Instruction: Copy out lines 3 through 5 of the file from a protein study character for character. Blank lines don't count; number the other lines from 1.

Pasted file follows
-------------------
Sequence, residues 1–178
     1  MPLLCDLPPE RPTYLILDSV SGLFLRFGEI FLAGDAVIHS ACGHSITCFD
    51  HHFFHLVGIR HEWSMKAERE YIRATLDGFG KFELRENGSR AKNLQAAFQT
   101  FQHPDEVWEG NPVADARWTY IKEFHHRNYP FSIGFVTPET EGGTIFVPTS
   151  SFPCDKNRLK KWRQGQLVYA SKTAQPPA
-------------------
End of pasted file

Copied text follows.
    51  HHFFHLVGIR HEWSMKAERE YIRATLDGFG KFELRENGSR AKNLQAAFQT
   101  FQHPDEVWEG NPVADARWTY IKEFHHRNYP FSIGFVTPET EGGTIFVPTS
   151  SFPCDKNRLK KWRQGQLVYA SKTAQPPA